piece, Would grow from acting it on her, than may Should be esteem'd of more than moths or Perhaps have being from her apprehension
rying, Theod. "Tis true:
The last night left the court; and, as 'tis more And such a desperate cure I would have us’d, Then said, for ’tis confirm’d by such as met her, If the intemperate patient had not been
She's fed unto your
brother. So near me as a mother; but to her,
Theod. How! And from me, gentle unguents only were
Vitry. Nay, storm not; To be applied: And as physicians,
For if that wicked tongue of hers hath not When they are sick of fevers, eat themselves Forgot its pace, and Thierry be a prince Such viands as by their directions are
Of such a fiery temper as report Forbid to others, tho' alike diseas’d;
Has given him out for, you shall have cause to use So she, considering what she is, may challenge Such poor men as myself; and thank us too Those cordials to restore her, by her birth For coming to you, and without petitions : And privilege, which at no suit must be Pray Heav'n reward the good old woman for't! Granted to others.
Mart. I foresaw this. Mart. May your pious care
Theod. I hear a tempest coming, Effect but what it aim'd at! I am silent. That sings mine and my kingdom's ruin. Haste,
And cause a troop of horse to fetch her back! Enter DE VITRY.
Yet stay! why should I use means to bring in Theod. What laugh'd you at, sir ?
plague, that of herself hath left me? Muster Vitry. I have some occasion,
Our soldiers up! we'll stand upon our guard ; I should not else; and the same cause perhaps For we shall be attempted. Yet forbear! That makes me do so, may beget in you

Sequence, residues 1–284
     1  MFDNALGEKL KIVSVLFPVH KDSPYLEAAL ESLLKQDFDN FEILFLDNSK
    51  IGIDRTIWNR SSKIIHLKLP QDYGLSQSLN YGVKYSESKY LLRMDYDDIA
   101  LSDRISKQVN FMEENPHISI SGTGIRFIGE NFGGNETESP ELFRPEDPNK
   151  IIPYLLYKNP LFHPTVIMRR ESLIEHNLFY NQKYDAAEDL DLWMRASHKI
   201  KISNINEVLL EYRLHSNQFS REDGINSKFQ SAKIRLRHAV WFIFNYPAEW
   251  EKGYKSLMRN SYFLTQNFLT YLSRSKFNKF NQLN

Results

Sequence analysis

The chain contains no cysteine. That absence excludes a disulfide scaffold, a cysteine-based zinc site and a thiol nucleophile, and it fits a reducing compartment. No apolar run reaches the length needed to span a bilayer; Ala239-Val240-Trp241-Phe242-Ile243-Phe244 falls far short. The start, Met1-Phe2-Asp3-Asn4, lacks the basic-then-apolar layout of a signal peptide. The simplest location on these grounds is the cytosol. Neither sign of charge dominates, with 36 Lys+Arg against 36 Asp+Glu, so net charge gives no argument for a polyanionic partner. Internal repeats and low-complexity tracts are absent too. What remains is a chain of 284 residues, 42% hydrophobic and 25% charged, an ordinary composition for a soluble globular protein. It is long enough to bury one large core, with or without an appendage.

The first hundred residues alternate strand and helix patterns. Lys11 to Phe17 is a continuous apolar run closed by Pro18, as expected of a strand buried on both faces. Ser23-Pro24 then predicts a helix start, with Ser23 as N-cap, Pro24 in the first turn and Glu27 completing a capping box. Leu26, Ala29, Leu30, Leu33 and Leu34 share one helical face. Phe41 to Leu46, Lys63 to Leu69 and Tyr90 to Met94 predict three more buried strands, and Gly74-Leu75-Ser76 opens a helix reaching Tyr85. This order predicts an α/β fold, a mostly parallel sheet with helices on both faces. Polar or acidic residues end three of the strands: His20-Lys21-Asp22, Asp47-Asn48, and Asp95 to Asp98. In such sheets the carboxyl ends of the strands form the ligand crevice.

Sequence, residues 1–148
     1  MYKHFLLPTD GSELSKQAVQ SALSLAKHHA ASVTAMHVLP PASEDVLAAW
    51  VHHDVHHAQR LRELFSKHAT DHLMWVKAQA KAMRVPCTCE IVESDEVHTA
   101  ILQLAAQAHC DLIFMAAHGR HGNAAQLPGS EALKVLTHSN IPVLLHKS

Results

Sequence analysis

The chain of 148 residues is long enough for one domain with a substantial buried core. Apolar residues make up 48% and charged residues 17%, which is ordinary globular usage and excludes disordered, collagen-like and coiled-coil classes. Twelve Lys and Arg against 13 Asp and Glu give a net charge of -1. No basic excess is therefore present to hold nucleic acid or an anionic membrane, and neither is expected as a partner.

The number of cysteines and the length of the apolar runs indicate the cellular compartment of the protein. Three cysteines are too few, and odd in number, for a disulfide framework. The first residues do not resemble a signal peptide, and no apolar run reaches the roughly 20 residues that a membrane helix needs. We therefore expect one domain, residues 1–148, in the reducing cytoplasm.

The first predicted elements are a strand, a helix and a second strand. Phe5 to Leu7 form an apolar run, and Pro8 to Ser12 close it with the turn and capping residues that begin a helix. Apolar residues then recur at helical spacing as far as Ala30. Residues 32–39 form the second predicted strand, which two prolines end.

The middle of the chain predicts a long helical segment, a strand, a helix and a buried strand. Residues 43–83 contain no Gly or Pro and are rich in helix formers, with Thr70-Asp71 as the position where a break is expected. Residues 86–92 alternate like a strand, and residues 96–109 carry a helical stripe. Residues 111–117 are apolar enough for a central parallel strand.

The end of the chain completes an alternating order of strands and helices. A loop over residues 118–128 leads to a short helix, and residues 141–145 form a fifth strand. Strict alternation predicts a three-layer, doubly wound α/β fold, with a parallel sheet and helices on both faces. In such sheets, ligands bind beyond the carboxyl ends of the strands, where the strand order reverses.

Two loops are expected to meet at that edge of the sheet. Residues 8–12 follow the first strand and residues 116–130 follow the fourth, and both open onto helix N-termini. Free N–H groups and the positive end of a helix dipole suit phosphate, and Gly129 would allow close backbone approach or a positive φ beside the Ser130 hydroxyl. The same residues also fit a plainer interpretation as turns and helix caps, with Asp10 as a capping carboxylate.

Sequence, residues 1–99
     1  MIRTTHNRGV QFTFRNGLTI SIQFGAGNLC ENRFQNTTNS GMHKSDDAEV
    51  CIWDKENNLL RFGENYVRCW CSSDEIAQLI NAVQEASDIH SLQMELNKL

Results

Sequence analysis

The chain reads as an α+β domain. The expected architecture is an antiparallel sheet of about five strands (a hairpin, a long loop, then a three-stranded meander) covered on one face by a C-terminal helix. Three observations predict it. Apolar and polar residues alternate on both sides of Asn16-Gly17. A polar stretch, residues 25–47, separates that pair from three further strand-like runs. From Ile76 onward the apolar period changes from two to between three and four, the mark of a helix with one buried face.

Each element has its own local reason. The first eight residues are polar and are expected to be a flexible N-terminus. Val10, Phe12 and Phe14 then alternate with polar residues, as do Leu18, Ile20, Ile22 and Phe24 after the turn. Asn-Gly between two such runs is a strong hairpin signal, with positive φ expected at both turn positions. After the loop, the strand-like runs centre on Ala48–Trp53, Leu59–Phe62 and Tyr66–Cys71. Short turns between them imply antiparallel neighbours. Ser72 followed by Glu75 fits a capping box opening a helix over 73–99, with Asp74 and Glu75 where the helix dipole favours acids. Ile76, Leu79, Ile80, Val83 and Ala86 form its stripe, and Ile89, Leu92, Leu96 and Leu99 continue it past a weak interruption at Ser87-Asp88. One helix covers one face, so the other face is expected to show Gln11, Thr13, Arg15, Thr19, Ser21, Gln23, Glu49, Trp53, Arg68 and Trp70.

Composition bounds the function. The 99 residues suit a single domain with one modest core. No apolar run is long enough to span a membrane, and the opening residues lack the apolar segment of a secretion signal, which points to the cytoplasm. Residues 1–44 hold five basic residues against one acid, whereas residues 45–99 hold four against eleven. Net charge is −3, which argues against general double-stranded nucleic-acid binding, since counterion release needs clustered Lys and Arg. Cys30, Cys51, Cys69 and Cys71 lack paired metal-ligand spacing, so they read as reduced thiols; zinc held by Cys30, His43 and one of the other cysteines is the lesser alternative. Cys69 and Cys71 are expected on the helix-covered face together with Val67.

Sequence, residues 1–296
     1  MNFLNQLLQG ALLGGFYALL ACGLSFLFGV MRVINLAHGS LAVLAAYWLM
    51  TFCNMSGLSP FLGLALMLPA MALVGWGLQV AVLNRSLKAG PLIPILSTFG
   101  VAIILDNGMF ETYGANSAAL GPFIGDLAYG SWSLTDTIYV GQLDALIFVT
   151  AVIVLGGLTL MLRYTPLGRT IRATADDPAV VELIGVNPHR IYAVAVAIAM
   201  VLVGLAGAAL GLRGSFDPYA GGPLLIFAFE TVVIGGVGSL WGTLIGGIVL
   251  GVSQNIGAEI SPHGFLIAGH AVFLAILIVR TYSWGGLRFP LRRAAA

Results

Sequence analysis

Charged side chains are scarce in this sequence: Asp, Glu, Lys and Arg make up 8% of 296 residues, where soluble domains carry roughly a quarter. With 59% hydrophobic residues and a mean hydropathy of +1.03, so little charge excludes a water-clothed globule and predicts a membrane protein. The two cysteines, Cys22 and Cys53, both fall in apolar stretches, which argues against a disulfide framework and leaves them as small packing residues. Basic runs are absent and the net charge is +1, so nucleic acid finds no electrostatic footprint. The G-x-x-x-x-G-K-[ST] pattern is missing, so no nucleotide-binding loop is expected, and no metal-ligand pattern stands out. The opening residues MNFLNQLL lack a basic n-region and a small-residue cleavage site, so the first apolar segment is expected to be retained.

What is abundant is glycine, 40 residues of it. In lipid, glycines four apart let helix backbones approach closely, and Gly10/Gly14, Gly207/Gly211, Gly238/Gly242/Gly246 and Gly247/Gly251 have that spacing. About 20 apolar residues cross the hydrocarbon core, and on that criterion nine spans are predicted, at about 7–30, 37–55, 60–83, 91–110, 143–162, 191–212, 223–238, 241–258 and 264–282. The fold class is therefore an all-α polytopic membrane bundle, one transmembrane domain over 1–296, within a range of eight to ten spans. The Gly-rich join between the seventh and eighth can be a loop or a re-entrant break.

The inequality of our powers will yield me A contrary effect.
Nothing but loss in their defeature: Something Theod. Why, what's the matter?
Must be done, and done suddenly. Save your Vitry. I see, and joy to see, that sometimes
In this I'll use no counsel but mine own : (And most of such are good) stand more indebted That course, tho' dangerous, is best. Command For means to breathe to such as are held vicious, Our daughter be in readiness to attend us ! Than those that wear, like hypocrites, on their Martell, your company; and, honest Vitry, foreheads
Thou wilt along with me? Th' ambitious titles of just men and virtuous. Vitry. Yes, any where; Mart. Speak to the purpose !
To be worse than I'm here, is past my fear. Vitry. Who would e'er have thought
[Ereunt. The good old queen, your highness' reverend
The fam'd night-labour of strong Hercules, SCENE I.
Yet is the master of a continence
That so can temper it, that I forbear Enter THIERRY, BRUNHALT, BAWDBER,
Their daughters, and their wives; whose hands, and LECURE.
wealth into my treasury!-
That, in their least repining at my pleasures, Had better, in despite of all the gods,
They change not a mild prince (for, if provok'd, To have raz'd their temples, and spurn'd down I dare and will be so) into a tyrant ! their altars,
Brun. You see there's hope that we shall rule Than, in his impious abuse of you,
again, To have callid on my just anger.
fall’n fortunes rise. Brun. Princely son,
Baw. I hope your highness And in this worthy of a nearer name,
Is pleas'd that I should still hold my place with I have, in the relation of my wrongs,